In P. Dauvergne (ed), Handbook of Global Environmental Politics, 2nd edition. Cheltenham (UK)/Northampton (USA), Edward Elgar, 2012, pp. 87-97.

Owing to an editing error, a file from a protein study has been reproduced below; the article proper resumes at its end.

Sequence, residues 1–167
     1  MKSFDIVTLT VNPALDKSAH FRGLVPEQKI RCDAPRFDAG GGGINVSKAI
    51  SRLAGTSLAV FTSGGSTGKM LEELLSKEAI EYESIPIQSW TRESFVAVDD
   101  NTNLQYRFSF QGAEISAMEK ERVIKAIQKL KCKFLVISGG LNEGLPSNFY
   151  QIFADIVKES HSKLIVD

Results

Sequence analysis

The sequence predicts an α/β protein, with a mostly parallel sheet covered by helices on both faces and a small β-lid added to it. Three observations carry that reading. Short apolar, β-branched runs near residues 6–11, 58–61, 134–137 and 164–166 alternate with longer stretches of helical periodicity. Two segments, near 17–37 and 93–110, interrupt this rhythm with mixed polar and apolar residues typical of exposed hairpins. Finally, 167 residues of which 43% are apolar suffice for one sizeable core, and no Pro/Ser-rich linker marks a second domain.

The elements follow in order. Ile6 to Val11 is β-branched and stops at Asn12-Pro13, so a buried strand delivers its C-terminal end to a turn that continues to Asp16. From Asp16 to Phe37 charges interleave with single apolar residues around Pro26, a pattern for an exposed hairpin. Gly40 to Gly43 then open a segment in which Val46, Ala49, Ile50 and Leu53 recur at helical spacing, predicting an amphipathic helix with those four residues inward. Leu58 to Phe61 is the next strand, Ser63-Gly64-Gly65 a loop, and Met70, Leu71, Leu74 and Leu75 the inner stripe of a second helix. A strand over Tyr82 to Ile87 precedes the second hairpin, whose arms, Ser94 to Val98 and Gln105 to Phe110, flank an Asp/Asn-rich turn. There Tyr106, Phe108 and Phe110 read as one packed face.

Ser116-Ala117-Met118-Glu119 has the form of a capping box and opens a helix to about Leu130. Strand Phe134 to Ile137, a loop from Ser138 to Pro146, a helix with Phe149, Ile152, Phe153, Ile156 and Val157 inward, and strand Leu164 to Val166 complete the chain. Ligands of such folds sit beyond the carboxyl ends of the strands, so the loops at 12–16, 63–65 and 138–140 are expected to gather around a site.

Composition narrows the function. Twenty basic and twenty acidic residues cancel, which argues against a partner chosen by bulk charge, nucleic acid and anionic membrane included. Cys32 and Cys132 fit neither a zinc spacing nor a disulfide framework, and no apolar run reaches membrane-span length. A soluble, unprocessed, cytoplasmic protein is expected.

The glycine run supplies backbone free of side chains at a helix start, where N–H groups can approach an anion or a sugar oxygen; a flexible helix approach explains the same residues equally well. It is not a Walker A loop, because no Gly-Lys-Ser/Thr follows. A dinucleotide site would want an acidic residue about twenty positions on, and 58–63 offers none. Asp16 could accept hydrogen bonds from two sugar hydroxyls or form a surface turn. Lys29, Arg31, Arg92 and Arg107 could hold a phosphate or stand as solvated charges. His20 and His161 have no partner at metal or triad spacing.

It is argued that there is no longer any need for these conferences as their main function is agenda setting, useful in the last millenium but not anymore. We know what the problems are so instead we need spscific implementation of the already many agreed upon ambitious UN goals. The Stocholm Conference was a water-shed event as it placed environment on the international agenda. The Rio Summit surpassed Stocholm by far in terms of process and ambition, but failed to deliver on key promises. The 2002 WSSD was by most standards a rather weak and irrelevant event. Based on the preparations to Rio+20, expectations should be low. The process is characterized by deep cleavages between North and South and ideological grand-standing as well as repetition of well knows positions. The concept of green economy is disputed and the call for institutional reform is stalled. Rather than investing scarce human and finacial resources in such conferences we should instead establish a small low-cost expert committee of top diplomats and reserachers to find out what is politically feasible in terms of moving the world in a more sustainable direction.